It is ironic that Einstein's most creative work, the general theory of relativity, should boil down to conceptualizing space as a medium when his original premise [in special relativity] was that no such medium existed [..] The word 'ether' has extremely negative connotations in theoretical physics because of its past association with opposition to relativity. This is unfortunate because, stripped of these connotations, it rather nicely captures the way most physicists actually think about the vacuum. . . . Relativity actually says nothing about the existence or nonexistence of matter pervading the universe, only that any such matter must have relativistic symmetry. [..] It turns out that such matter exists. About the time relativity was becoming accepted, studies of radioactivity began showing that the empty vacuum of space had spectroscopic structure similar to that of ordinary quantum solids and fluids. Subsequent studies with large particle accelerators have now led us to understand that space is more like a piece of window glass than ideal Newtonian emptiness. It is filled with 'stuff' that is normally transparent but can be made visible by hitting it sufficiently hard to knock out a part. The modern concept of the vacuum of space, confirmed every day by experiment, is a relativistic ether. But we do not call it this because it is taboo.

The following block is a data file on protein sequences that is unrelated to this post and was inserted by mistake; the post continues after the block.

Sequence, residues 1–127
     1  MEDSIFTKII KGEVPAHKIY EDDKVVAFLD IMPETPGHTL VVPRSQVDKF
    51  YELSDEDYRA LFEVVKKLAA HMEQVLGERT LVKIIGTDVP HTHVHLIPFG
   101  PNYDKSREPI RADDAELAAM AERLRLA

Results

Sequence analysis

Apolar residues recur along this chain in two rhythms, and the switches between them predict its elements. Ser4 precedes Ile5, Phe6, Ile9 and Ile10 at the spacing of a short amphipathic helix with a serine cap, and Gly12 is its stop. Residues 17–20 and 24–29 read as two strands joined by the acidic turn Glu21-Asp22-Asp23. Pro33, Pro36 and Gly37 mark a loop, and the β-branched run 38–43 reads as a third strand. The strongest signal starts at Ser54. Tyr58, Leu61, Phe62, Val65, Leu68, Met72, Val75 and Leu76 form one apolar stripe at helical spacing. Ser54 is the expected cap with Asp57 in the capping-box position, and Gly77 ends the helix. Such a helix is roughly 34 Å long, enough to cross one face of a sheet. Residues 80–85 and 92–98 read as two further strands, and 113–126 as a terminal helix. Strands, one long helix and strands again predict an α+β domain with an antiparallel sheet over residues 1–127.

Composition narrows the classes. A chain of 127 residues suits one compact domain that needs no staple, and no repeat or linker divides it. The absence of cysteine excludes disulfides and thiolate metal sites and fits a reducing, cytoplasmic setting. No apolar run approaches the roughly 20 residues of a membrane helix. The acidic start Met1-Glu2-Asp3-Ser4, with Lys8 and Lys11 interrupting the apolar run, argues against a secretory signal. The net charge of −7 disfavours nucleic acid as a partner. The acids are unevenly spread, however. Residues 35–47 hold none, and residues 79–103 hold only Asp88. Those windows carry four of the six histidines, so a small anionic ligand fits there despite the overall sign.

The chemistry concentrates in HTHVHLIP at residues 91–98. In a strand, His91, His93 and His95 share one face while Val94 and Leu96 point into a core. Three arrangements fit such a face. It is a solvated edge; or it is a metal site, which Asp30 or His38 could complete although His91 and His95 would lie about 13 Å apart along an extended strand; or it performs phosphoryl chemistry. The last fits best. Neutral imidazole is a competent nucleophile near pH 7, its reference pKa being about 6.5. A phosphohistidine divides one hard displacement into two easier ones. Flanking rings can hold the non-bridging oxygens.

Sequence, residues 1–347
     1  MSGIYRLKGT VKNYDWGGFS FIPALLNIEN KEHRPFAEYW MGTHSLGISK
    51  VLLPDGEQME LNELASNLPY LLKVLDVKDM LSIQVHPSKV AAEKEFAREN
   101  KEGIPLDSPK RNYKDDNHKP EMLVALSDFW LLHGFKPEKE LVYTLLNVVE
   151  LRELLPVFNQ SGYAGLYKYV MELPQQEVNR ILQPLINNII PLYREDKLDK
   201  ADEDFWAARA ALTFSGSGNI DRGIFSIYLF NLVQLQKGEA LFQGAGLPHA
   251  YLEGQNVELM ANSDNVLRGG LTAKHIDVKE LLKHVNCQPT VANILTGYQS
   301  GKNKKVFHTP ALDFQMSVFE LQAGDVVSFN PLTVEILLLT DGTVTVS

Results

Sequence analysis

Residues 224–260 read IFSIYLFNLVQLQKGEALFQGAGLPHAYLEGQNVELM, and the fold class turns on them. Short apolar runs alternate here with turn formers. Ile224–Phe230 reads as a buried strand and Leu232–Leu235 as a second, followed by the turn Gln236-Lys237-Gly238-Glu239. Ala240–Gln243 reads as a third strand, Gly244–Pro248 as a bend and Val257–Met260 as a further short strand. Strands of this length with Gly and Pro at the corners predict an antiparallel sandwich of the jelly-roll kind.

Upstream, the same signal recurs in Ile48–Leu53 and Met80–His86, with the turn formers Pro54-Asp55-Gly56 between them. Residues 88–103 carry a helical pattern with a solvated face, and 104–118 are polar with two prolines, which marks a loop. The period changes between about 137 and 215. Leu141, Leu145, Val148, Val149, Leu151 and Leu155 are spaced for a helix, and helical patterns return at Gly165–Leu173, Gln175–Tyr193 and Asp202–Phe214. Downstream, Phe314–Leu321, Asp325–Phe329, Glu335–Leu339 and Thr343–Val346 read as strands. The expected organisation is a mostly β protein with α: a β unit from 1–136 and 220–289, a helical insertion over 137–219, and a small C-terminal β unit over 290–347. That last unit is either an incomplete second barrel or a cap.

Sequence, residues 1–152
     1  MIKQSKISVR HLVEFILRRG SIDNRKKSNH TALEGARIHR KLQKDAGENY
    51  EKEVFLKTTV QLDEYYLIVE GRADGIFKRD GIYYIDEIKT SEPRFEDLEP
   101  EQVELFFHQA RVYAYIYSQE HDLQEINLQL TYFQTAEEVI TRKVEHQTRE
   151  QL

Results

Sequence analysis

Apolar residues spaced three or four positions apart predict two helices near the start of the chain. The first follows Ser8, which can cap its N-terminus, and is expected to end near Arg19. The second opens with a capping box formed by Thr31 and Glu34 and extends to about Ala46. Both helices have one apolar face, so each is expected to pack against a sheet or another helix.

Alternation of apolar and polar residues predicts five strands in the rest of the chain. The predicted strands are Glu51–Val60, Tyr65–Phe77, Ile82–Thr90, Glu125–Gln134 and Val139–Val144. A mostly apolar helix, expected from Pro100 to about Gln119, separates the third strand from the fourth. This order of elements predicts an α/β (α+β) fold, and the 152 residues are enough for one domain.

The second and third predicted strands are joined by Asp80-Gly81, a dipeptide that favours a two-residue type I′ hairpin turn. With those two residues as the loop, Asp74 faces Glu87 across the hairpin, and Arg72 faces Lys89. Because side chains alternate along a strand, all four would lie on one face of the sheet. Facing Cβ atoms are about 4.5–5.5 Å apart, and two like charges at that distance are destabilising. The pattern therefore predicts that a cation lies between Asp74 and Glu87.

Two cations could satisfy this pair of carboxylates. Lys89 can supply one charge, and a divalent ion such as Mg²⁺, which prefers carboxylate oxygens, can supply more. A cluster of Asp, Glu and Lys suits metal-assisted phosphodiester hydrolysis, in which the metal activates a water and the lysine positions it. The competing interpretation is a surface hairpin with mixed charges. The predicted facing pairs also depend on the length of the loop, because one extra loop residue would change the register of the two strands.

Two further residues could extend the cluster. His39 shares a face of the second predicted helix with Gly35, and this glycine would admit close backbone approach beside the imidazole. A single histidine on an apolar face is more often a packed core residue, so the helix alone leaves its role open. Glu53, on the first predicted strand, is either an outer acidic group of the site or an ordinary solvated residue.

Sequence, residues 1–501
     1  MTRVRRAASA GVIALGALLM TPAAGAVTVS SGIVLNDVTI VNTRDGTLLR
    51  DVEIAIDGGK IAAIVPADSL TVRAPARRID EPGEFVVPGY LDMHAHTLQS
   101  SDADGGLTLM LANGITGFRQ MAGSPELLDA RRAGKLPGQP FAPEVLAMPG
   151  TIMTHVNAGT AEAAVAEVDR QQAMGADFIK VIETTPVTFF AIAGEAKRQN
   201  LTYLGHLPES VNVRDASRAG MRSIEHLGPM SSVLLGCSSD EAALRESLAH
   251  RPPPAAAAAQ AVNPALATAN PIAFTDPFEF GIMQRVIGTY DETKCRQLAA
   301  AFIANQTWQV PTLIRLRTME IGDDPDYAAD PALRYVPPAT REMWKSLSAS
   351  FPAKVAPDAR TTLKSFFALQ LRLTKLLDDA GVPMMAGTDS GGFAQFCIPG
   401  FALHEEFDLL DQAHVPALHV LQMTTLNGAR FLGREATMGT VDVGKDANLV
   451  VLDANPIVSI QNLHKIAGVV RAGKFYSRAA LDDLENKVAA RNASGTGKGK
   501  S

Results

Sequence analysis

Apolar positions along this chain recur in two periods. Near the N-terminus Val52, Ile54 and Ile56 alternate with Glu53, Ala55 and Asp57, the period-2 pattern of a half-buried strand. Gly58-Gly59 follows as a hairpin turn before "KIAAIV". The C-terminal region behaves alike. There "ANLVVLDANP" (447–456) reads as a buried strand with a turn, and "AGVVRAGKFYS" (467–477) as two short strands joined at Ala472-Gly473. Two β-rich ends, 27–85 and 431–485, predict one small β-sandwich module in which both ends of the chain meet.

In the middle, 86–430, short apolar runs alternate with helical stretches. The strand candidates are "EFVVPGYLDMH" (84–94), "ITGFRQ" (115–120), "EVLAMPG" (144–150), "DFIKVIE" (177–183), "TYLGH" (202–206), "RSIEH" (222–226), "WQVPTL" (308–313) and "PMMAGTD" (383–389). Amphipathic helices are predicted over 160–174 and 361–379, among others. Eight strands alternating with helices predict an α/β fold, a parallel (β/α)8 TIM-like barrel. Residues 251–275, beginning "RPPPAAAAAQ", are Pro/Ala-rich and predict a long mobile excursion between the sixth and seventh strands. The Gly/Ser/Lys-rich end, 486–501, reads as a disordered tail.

So please don't be a hypocrite saying we should question authority; but the moment I do so, you try to stump me down.
The reference came out of this book: